Reading the article, specifically that comment, reminded me of an evening in college. I was at Village Inn (yummmmmmmm) with some friends and someone asked what a fascist is. People accuse others of being fascist, but what is that really? I boldly stated my opinion of the definition of fascist (really having no idea, but saying it with confidence so I sounded impressive) and the coffee drinking, pierced chain smoker at the next table snorted and uttered "that isn't even close." I felt like an establishment schmuck... and what's worse.... I still can't really define what a fascist is. I can tell you the symptoms of thrombocytopenic purpura, a disease I learned about in 10th grade, and I love to throw out antidisestablishmentarianism when I need to, but I still don't know what a fascist is and don't get me started on zeitgeists. So, I don't think Mr. Zeitgeist will let me be in his regime anyway.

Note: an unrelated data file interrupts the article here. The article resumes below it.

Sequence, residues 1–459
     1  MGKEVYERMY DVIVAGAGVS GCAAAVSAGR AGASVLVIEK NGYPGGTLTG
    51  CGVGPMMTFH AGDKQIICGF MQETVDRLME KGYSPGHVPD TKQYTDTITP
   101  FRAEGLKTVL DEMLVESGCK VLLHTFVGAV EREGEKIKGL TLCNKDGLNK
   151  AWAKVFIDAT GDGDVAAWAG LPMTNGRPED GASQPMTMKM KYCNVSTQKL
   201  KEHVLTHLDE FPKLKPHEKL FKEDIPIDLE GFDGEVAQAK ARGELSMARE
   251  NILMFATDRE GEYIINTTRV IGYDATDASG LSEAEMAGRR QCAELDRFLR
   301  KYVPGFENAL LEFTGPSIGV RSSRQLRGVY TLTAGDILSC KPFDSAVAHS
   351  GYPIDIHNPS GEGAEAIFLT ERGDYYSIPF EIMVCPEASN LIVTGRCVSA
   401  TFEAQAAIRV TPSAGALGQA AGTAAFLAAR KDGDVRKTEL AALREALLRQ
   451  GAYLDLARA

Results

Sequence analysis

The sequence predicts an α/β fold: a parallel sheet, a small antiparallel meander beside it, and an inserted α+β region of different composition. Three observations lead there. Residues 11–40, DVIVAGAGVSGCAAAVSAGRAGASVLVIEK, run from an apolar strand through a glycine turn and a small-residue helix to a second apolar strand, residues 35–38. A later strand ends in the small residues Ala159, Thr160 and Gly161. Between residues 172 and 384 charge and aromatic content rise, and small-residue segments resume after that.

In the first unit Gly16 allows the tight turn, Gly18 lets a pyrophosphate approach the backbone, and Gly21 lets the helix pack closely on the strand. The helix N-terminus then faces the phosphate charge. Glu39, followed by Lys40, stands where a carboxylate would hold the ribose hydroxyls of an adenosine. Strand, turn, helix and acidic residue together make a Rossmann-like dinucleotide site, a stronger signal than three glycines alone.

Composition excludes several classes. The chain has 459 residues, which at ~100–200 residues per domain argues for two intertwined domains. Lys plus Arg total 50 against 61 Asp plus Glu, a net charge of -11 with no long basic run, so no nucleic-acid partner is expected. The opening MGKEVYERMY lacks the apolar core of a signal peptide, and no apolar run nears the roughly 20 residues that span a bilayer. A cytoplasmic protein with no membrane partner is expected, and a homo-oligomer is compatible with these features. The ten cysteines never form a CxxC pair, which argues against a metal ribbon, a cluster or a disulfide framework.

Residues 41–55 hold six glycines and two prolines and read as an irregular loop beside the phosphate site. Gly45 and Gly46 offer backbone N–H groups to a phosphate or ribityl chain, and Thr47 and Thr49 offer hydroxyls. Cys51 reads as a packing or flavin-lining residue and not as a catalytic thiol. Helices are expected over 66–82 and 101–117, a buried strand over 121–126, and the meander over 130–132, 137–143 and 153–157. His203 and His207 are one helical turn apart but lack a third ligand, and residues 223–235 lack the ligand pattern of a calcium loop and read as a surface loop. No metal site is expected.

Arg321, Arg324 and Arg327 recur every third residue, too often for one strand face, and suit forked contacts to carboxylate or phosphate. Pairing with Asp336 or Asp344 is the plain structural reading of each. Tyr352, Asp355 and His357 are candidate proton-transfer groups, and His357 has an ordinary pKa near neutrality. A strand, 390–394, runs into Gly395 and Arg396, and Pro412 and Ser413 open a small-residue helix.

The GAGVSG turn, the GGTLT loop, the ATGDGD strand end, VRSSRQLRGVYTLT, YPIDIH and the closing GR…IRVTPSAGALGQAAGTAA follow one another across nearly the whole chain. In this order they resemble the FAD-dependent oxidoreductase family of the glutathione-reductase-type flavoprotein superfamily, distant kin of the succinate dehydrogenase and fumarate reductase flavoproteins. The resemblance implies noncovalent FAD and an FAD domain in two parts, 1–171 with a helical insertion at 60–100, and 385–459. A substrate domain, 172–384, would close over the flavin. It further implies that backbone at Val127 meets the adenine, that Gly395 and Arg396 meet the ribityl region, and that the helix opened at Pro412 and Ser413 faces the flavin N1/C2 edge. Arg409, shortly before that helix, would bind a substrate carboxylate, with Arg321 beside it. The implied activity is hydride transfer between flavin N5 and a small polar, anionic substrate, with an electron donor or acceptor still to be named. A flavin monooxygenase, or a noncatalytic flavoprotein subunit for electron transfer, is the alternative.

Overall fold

Thursday, March 11, 2010

The Silent Epidemic...

I've had this idea for awhile now... but wasn't sure how to word it or what to say, so I've never posted this post that's been rattling around my brain for months. But, today I heard the most disturbing thing. I heard that Howard Stern and his snarkette female counterpart were discussing Gabourey Sidibe (star and Oscar nominee for the movie Precious) and they determined in their infinite wisdom that she will never get another acting job again. His statement, though I am paraphrasing, was that no one that fat will ever succeed in Hollywood. And finally, I decided that even though I don't know the words I want to use, I am ready to say what I want to say.